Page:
Q&A with Mammút (#airwaves18)
Flights and hotel room are booked, more than 200 Icelandic and international acts are announced, and so anticipation for Iceland Airwaves 2018 is getting in full gear. We start our pre-coverage with one of our favorite Icelandic bands, the fabulous Mammút, who we didn’t see on their home turf yet but last year in Brooklyn.
We reached out to the indie rock quartet and are thrilled that bassist Ása Dýradóttir was so kind to answer our questions:
Q: What was the first album you have ever bought? Digital, vinyl, CD or cassette tape?
A: I got some money to spend in Kolaportið (Reykjavík’s flea market) when I was 6 years old. It was right after easter, I couldn’t have an easter egg because sugar made me vomit at the time so I got to choose my own album instead. I bought Bob Marley’s Legend because of his hair and handsomeness. I guess it’s a great album to start your music-listening life. It’s impossible to dislike it, unless you’re a psychopath or just very bleak and dead on the inside.
Q: Do you still own this album?
A: It’s somewhere at my parents’ house in Iceland. They haven’t thrown anything away since the 70s.
Q: At what age did you see your first live show/ concert? And who was it?
A: My first memory of being at a live “show” wasn’t a gig but a fitness show in Reykjavík. It was booming with the loudest techno, strobe lights and very fit people jumping around like idiots. I was probably around 4 or 5. It was amazing and I didn’t understand it. I fell asleep because the noise became like a thick and warm electronic bedding over my head and ears. The main star of the show was Iceland’s best known fitness legend of the 90s Magnús Schewing.
Q: Sadly, we missed your show(s) during Iceland Airwaves 2016 but were fortunate enough, to see you performing live at Brooklyn’s Knitting Factory last year. What an intense and absolutely amazing experience. We’ll definitely make it a priority for this year’s festival to see Mammút live.
Is there something you remember fondly from your trip to New York?
A: It was the first time we play a show in NYC that’s absolutely packed with people, pure focus and interest in our music and performance. The vibe in Williamsburg that night was amazing, and we just had a great time.
Q: What’s your songwriting process like? What comes first, melody or lyrics?
A: The songwriting process is very flowy and open, no sacred way of tackling it regarding instruments or status inside the band. But melody always comes first, like a flower that opens its head and welcomes the rest of the song, whether it ever becomes one or not. We really cherish everything we come up with, and only recently have we learned to let ideas pass on to somewhere else where they might be needed. It can be so creative and releasing to throw away the fruit of your mind, because there’s always another one there if you’re open to it. But at the same time we’ve learned to know when its right to linger on the same idea for months, until you hate it with all your being, only to come back to it later and use it. It’s like a quality fermentation process. It’s a very sensitive dance.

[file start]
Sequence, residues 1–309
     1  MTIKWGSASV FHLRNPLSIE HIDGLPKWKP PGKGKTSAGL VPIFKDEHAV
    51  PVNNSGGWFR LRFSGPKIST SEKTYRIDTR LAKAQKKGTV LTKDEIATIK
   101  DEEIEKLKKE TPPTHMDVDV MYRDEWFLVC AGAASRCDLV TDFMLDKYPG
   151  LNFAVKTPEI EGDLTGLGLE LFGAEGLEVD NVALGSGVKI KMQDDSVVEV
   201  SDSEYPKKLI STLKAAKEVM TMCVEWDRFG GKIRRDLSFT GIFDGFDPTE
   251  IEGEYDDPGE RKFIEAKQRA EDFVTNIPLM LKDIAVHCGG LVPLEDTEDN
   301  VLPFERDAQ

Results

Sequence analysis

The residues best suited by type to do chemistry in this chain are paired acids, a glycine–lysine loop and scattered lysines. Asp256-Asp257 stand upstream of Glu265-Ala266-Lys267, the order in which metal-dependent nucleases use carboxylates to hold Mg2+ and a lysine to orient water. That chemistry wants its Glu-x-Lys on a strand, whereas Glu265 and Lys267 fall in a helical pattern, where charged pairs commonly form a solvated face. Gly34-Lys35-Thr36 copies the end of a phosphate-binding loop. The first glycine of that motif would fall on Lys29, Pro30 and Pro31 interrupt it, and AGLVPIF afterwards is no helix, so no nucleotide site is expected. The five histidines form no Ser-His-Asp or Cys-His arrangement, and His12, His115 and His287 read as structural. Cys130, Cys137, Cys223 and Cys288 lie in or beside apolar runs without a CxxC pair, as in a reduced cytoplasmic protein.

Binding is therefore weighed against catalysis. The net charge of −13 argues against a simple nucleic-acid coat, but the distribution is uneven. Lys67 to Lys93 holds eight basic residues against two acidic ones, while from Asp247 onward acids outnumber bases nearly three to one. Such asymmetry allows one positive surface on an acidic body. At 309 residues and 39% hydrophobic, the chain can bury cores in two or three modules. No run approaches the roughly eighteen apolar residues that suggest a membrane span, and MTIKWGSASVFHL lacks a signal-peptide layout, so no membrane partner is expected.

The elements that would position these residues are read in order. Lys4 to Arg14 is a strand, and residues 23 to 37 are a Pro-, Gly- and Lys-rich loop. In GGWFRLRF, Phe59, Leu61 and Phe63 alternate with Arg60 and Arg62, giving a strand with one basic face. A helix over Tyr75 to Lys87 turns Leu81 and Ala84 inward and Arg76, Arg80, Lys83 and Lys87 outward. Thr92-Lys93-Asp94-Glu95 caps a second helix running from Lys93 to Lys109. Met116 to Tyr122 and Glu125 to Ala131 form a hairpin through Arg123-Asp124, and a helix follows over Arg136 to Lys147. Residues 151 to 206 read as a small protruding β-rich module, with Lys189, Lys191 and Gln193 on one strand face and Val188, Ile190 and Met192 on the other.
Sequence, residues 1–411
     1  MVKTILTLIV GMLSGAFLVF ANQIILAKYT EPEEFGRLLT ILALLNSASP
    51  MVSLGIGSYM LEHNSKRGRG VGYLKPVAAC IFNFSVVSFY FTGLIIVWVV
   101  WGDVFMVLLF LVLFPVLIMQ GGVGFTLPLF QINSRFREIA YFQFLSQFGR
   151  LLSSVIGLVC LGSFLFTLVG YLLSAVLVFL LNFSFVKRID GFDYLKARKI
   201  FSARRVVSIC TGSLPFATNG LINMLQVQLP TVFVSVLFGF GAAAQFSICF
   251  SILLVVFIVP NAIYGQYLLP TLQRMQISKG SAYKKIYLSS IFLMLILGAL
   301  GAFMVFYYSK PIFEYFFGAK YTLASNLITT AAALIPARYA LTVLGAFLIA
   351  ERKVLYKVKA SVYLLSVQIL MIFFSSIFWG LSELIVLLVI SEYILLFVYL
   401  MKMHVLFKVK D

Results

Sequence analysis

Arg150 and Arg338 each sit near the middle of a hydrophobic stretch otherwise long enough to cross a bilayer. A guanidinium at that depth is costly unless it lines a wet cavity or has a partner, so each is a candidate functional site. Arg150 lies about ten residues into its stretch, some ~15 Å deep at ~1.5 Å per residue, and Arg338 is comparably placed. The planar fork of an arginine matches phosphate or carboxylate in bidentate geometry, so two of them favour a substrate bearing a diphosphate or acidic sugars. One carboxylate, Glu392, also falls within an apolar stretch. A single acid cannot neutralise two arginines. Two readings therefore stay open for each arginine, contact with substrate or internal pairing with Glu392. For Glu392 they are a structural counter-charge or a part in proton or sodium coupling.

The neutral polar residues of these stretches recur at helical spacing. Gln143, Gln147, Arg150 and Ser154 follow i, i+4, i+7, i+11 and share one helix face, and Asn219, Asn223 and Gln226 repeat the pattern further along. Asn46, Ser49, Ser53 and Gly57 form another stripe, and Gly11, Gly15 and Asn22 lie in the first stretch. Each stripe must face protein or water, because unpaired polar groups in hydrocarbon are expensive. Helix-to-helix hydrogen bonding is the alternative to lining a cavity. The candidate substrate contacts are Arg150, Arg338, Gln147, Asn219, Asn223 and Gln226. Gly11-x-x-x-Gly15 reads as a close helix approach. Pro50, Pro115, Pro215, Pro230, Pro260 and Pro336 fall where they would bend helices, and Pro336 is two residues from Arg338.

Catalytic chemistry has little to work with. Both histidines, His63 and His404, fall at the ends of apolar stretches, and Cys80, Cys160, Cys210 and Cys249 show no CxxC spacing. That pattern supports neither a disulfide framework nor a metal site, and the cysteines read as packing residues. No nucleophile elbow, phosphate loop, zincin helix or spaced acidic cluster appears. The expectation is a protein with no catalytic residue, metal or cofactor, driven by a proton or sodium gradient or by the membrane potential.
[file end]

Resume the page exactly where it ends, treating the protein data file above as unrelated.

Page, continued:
Q: The first festival announcements for Iceland Airwaves 2018 have been made. Whom are you looking forward to see?
A: Of the international acts I’d like to see Fever Ray. But for me the festival is mostly about the Icelandic bands performing. Having grown up as a part of the Reykjavik music scene you acquire a deep relationship with the festival. It’s the time of harvest. The same people play in different bands year after year along with the most interesting newcomers and every year feels like the whole scene brings its A-Game.
Q: There is music day and night during Iceland Airwaves. What is your top one non-music related recommendation to do/to see while in Reykjavík?
A: When you‘ve moved away from Iceland, you realize that the best thing about Reykjavík are the swimming pools. It’s very simple. Start your day in either Vesturbæjarlaugin or Sundhöll Reykjavíkur and make plans for the afternoon with mates and dates and go over the previous night. It’s also the best hangover cure. (Please drive away from the city if you have access to a vehicle, there are such nice pools in every little town, no matter how dead it seems.)
Q: Where can you get a tasty and affordable meal in Reykjavik?
A: Two food-halls have opened in Reykjavík in the last year or so, at Hlemmur and Grandi. They are attempts to replicate food halls like Torvehallerne in Copenhagen, and even though they’re of course a lot smaller and with less variety, they’re actually quite alright. Both of them are a few minutes walk from the city center, I recommend going to Grandi if walking. If you’re cold and life’s heavy, go to Noodle Station for a soup. They’re super affordable and tasty.
Q: If you could have any musical instrument in the world, which one would it be and why?
A: I have a crush on the Roli Seaboard synth, it’s so sensual both in sound and touch, it’s almost sexual. I’ve never tried anything like it.
Q: If you could choose to live in a decade (music, style, etc.) which one would it be?
A: The current one, use history to mold your knowledge and experiences but don’t get stuck in it. Pure nostalgia is for assholes.
Thank you very much, Ása, we truly enjoyed getting to know a bit more what moves you and what you’d recommend to music lovers and foodies like Oliver and me. We were deeply impressed by the music community the first time around, that is one of the main reasons why we wanted to come back.
Fever Ray would have also been our top non-Icelandic must-see act, yet yesterday she had canceled her tour and her Airwaves gig. Fortunately, that is no reason to be sad as there is a plethora of fantastic acts set to perform at the festival. Thank you also for the dining recommendations, maybe see you there?
Iceland Airwaves happens from November 7 to 10 in Reykjavik, Iceland. More info here.